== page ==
Page:Notes and Queries - Series 12 - Volume 10.djvu/96

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74 NOTES AND QUERIES. [i2 S .x.jAx.2.,i9M. Stephens upon a proper discovery to be | By 1772 the medicine had become a made by her for the use of the publick of | standing joke. The Rev. Richard Graves, the medicines prepared by her for the cure) one of the keenest humorists of the eighteenth of the stone." On March 5, 1739/40, the ! century, thus refers to it in his ' Spiritual major portion of the trustees named in j Quixote ' (Book ix., ch. 14) : the Act met and signed a certificate stating i Slicer [a hypochondriac who was in the habit that they were " convinced by experiment j of sampling ail the quack remedies advertised] of the utility and efficacy " of the medicines , ^Jen bid the servant bring him Mrs. Stephens's ^oi~o^ i? TV/T o-i-i v,~ nn, -> Medicine for the Stone and Gravel, which he disclosed by Mrs. Stephens Thereupon nev er omitted, he said, since it was first discovered, the Treasury paid out 5,000 to her. Writers what 1 are you afflicted with the stone and on the eighteenth century have condemned gravel then ? " says Mr. Selkirk. "Afflicted ! " says the whole transaction in the severest terms, ' Slicer, " no sir, God forbid ! nor ever was but it can scarcely be said that the Govern- l afflicted with it ; but I suppose I should have , , ill rc j_i cct j. been afflicted with it betore this time it 1 had not ment acted recklessly. Of the 22 trustees ! taken ^ admirable medicine ; and, as every who signed the certificate, nine Were medical < one is subject more or less, to gravel and sabulous men of standing in their profession : T. I concretions, it is madness to neglect so easy a Pellet, president of the Royal College of i precaution as this noble lithonthriptic, which PVivsioians thpfonro^risorq of that TrtllpcrP Provldence has permitted to be discovered,

>ur censors ot tnat UOllege , and for wMch the Parliament has granted so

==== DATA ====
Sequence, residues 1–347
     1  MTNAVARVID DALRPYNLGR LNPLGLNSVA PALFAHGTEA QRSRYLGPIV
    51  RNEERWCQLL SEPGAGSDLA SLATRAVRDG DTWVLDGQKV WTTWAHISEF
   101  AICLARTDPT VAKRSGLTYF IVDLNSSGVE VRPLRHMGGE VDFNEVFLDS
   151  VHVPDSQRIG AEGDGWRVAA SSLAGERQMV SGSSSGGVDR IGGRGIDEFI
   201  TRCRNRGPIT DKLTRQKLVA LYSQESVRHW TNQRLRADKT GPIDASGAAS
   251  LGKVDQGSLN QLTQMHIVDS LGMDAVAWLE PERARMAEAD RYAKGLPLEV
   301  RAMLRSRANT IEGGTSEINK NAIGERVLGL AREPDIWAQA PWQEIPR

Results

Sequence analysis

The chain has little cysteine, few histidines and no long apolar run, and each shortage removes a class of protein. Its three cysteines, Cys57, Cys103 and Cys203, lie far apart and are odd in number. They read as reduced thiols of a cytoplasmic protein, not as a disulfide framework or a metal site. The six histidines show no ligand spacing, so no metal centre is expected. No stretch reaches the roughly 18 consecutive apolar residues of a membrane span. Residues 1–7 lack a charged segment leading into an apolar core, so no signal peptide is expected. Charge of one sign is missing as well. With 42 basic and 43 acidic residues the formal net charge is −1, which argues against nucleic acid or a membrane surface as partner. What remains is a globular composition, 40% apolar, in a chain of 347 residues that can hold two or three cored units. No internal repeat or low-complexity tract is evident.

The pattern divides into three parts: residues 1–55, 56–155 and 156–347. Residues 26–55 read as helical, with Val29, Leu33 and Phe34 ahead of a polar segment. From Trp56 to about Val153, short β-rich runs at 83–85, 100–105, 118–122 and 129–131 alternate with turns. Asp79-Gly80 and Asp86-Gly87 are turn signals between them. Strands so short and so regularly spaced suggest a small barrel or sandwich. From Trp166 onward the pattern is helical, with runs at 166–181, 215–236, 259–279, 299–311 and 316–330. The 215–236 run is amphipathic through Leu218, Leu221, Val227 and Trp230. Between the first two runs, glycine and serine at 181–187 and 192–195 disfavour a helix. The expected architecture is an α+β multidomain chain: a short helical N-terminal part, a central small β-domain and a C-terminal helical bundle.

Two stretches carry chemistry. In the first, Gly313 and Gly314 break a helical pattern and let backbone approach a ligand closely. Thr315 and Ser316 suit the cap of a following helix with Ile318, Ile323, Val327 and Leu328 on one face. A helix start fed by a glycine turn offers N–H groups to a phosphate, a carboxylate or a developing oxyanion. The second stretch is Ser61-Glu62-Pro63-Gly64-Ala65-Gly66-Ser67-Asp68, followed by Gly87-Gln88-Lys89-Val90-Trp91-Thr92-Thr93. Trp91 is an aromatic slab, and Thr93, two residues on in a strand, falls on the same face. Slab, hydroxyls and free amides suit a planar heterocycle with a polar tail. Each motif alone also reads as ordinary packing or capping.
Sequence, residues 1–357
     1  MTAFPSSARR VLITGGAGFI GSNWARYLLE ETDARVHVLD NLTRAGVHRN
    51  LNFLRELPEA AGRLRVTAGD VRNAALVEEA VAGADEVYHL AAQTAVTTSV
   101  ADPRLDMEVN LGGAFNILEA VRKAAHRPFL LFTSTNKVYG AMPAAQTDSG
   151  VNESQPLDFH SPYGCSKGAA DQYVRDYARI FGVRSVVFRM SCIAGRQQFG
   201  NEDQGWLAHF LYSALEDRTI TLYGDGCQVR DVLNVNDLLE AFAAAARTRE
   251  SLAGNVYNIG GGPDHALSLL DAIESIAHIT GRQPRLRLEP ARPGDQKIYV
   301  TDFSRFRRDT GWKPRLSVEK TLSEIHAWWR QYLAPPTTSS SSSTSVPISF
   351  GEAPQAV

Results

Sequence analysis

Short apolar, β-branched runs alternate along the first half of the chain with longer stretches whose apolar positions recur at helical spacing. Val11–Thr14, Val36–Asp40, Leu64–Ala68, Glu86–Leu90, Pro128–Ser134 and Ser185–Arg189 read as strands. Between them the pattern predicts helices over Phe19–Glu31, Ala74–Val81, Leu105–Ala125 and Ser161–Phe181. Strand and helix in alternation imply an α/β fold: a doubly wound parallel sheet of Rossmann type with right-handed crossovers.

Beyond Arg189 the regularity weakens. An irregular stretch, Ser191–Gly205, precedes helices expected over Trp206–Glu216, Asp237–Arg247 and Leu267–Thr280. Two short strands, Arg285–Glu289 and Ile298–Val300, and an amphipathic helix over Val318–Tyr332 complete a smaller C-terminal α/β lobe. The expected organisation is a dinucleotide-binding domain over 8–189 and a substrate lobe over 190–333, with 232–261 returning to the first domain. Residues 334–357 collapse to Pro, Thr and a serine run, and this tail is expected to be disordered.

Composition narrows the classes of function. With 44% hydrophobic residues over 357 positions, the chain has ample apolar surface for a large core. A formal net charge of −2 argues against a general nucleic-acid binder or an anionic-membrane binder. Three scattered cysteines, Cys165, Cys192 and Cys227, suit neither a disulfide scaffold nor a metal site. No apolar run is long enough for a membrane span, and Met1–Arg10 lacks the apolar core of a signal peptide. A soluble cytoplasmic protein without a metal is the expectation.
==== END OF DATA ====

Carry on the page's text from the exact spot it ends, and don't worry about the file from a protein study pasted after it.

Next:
Peter Shaw, who Was as eminent as a scienti- | handsome a reward." The servant having fie chemist as a physician ; Cheselden, brought the preparation, with a large bason of surgeon to Chelsea Hospital Csesar Haw- i veal broth, Slicer swallowed the nauseous pre- kins, surgeon to the Prince of Wales ; scription with alacrity ; though the virtues, or i o i 01 n > ' even the safety of that medicine have justly been and Samuel Sharpe surgeon to Guy s. i questi oned,. notwithstanding the decision of The Rev. Stephen Hales, the ablest scientific O ur wise legislators in its favour, chemist of his day, was also a signatory, i j p AUL DE C ASTRO. In the face of these names it cannot be said | 1? Essex Court? Tem pi e . that the Government failed to take expert j advice. The malady sought to be cured ; was, at that time, almost as direful as the j , o THE BEGGARS OPERA IN DICKENS small-pox, and no one would say that ( 12S - lx - 309 ; x - 14 )- Miss DODDS pulls me Jenner's discoveries would not have been U P about the paucity of literary allu- worth such a sum as was paid to Mrs. i sions m Dickens; but when wrote Stephens literary [ was contrasting him in my That 'Mrs. Stephens's remedies were a min <* with Fielding, Scott, and Thackeray, failure is not to be denied. A severe critic who abound in such quotations often of them was Dr. Mead, archiater and the i learned ; perhaps I should not have applied first opinion of his day. In 1751, in his i the word ' literary 'to The Beggars " Medical Precepts," chap. X., he wrote : P? ra "' wh f lch 1S rather dra ^ atlc or T musical Particular care should be taken not to put and erefore current and popular. Of the patient into a course of powerful diuretics | popular dramatic allusions there may be with a view of preventing the gravel from con- j many in Dickens ; I have just found creting in the kidneys : because, whatever great j another to add to Miss Dodds's list, also things may be said of this sort. of medicines by f rom 'David Copperfield.' The song from ignorant pretenders, they certainly injure the parts by their heat and acrimony. Nor can I avoid observing, though I am extremely sorry ' The Beggar's Opera,' ' When the heart of a man,' which Mr. .Wegg sang, was also for the occasion, that some gentlemen of the j sung by Steerforth's friend Markham at the faculty a few years since acted a part much be- j disastrous supper party in chap. xxiv. neath their character, first, in suffering them- ! g uch references to the ' B.O.' are perhaps ^^tr^^SiS^s^nsi ?? a level w ? h ^ am Y e rJ ler>s <?f ntio v f medicine at an exorbitant price ; by vouching | the once popular story of George Barnwell. that it was capable of breaking stone in the bladder, and bringing away the fragments . . . Mead proceeds to explain the manner in which the experimenters had misled themselves, and recommends a book by Dr. Parsons " in which both the mischief done by the medicine, and the artifices If I may add another word, we must distinguish between quotations proper and allusions, or hidden quotations without inverted commas in the text of authors. One of these was the passage I quoted from Miss Moucher. A recent reading of several of Scott's novels has shown me how .employed to bring it into vogue, are set many unacknowledged expressions from out in a clear light." Milton there are in his pages. For instance,.